MATERIALS AND METHODS

Meganatural-Az® GSPE

Meganatural-Az® GSPE is a highly purified, 100% water-soluble polyphenolicextract from Vitis vinifera grape seeds (Polyphenolics, Inc., Madera, CA). The-geographic source of the grape seeds used to generate Meganatural-Az® GSPE is California, where grapes are usually harvested between August and October. The GSPE extraction procedure is based on standard procedures at Polyphenolics, Inc. Specifically, the solvent used to extract the raw material in the form of driedseeds is water (for two hours at approximately 200 to 210°F), and the ratio of fresh grape/seeds to finished extract ranges from 30:1 to 50:1. No excipients are used in the extraction procedure, and the native extract is 100% from seeds. The finished product is spray dried into a powder and contains more than 90% total polyphenols as gallic acid equivalents and has a moisture content of less than 10%. Meganatural-Az® GSPE is stable in the factory-sealed container at room temperature for at least three years.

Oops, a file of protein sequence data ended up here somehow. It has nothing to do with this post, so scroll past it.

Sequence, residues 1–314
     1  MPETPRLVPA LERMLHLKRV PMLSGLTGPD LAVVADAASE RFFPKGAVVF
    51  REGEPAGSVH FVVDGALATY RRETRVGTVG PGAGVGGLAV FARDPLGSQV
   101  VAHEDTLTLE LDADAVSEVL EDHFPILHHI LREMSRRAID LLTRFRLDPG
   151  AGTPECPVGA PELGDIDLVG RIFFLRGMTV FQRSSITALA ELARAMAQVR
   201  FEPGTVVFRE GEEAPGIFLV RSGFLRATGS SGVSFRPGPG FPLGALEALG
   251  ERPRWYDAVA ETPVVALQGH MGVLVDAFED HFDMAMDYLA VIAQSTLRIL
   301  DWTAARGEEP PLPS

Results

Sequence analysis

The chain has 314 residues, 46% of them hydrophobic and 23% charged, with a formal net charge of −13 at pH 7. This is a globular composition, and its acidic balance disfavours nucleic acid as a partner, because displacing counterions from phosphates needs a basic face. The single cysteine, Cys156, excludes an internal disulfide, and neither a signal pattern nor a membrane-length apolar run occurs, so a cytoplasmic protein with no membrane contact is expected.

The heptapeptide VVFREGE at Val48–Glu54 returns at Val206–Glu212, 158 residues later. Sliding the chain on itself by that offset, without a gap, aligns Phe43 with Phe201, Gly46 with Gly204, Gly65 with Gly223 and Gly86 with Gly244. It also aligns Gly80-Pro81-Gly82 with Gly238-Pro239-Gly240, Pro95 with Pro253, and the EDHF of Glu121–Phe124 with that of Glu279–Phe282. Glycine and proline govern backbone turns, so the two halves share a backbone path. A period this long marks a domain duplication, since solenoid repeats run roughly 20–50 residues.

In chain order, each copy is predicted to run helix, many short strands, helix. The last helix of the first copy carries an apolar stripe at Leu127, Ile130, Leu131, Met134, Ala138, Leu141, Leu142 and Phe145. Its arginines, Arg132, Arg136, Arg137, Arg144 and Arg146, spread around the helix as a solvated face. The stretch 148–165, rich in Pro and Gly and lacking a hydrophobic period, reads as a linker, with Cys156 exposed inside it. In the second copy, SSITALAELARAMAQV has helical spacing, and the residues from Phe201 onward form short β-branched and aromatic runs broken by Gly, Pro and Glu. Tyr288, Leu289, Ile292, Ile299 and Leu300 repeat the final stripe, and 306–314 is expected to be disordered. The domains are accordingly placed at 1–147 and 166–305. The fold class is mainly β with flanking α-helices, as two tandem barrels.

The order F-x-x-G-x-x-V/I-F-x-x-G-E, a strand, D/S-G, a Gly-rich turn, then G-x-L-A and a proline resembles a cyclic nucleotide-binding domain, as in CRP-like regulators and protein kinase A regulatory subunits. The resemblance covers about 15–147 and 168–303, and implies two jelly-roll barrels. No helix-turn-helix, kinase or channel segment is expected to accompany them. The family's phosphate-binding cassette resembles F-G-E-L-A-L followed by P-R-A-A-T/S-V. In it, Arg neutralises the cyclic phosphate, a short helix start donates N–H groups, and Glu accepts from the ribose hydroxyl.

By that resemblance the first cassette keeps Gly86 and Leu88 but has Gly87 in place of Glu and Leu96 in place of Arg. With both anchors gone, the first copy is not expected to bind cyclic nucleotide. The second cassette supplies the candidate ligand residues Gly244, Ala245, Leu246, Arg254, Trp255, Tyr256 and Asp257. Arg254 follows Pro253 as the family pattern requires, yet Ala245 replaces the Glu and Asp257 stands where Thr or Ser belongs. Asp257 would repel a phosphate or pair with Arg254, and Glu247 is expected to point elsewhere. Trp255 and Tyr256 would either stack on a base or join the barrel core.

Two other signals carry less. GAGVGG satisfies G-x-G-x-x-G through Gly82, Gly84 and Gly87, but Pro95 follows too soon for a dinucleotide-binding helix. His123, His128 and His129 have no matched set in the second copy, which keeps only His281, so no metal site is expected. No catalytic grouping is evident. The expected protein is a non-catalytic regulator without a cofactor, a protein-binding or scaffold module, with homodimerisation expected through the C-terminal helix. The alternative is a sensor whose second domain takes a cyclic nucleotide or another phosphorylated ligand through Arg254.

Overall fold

HPLC analysis shows that Meganatural-Az® GSPE comprises catechin and epicatechin in monomeric, dimeric, oligomeric, and polymeric forms [6]. Typically, Meganatural-Az® GSPE contains approximately 8% monomers, 75% oligomers, and about 17% polymers. We arbitrarily used the molecular weight catechin and epicatechin dimers (the most abundant forms of oligomer in GSPE) to calculate the molarity of the GSPE in this study. This extract has the unique feature that it is readily absorbed through the intestinal mucosa because of the modification of the constituent polyphenols [7]. Moreover, this GSPE is well tolerated in both humans [8] and rodents [9].

Assessments of Meganatural-Az® GSPE anti-tau aggregation bioactivity, in vitro